A study carried out by Professor John Murphy at UCD, for example, indicated that 25% of all injuries to GAA players are recurring in nature and that 67% of all injuries are non-contact. Therefore effective management of injured players and the development of a training plan which aims to avoid injury can make a telling difference.

A central goal of S&C is player availability. The best treatment for injury is never having it in the first place. It makes sense to be proactive instead of reactive. Stronger players break down less and recover faster - increased strength = decreased injuries.


And, S&C coaches like Alan O’Connor challenge the gospel of the slog.

The long-held belief within the GAA community was that unless players were falling over with exhaustion they were not training nearly hard enough. But, in fact, the opposite is true - that by training smarter, with less volume, is just as effective, if not more so. Indeed, the research shows that old-style training methods are counter-productive while the shorter and sharper approach is more beneficial in the long run.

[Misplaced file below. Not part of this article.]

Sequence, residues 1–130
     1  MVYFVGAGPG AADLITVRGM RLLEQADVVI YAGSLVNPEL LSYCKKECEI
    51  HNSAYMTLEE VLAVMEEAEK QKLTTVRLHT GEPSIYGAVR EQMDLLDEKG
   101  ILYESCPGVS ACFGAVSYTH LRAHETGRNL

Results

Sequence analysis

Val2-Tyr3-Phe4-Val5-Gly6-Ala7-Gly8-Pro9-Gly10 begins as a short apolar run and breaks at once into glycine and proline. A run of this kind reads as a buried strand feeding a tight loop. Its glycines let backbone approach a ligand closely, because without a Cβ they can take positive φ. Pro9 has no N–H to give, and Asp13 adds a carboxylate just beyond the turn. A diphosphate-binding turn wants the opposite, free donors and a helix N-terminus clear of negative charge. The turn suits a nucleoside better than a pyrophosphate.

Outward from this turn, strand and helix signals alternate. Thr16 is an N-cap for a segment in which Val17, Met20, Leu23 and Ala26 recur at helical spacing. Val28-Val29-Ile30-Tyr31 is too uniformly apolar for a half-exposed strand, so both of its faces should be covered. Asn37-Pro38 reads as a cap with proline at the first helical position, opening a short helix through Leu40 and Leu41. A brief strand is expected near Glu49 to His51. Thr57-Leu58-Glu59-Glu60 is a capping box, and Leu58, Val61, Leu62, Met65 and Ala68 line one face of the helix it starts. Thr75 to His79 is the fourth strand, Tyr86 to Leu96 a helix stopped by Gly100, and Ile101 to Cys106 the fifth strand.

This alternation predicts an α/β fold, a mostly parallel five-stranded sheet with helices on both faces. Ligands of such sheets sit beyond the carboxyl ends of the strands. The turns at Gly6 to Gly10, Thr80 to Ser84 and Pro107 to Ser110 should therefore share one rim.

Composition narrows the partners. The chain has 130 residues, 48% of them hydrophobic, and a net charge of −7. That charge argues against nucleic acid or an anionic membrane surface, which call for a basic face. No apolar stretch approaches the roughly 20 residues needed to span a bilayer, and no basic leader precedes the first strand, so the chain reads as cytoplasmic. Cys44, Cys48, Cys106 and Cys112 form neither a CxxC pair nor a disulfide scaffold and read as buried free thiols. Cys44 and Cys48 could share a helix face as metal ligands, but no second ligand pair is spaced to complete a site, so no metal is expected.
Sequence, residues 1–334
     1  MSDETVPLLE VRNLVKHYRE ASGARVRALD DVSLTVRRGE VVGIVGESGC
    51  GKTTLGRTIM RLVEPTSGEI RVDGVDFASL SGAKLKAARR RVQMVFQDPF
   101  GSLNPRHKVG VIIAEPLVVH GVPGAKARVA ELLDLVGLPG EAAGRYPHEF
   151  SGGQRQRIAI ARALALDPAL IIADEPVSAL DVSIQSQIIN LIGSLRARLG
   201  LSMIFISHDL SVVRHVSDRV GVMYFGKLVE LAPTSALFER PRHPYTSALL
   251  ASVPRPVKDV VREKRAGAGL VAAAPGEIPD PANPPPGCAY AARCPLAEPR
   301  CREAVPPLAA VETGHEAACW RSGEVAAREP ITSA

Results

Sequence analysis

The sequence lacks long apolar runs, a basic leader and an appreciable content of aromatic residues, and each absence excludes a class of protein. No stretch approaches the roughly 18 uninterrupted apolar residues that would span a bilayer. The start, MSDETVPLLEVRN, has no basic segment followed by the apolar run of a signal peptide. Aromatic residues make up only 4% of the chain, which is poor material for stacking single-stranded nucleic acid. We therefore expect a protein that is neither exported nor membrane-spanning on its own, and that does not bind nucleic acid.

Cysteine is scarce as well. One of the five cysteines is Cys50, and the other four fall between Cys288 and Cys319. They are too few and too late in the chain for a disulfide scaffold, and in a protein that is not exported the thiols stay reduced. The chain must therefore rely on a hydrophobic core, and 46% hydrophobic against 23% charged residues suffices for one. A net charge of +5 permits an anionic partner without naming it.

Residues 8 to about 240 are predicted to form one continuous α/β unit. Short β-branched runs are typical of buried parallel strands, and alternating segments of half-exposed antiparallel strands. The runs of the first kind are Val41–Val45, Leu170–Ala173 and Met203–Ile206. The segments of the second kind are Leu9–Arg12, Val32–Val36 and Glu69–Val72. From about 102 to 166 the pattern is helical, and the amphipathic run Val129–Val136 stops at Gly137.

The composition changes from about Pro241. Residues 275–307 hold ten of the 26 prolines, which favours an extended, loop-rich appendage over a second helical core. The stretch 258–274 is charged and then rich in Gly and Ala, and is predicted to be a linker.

Remember: any fool can make someone tired. More training does not mean better training; over-training is as bad as not training at all; as Vern Gambetta said: “more is not better, it is just more”. Running twenty laps of a pitch will give a player physical fitness to some degree, but it will not be the specialized fitness required to compete at an elite level - if you train slow, you will be slow. A team cannot out-perform its preparation.

There is a big difference between work and smart work. Good quality training should not be equated with hard training. You train a dog, but you coach a team.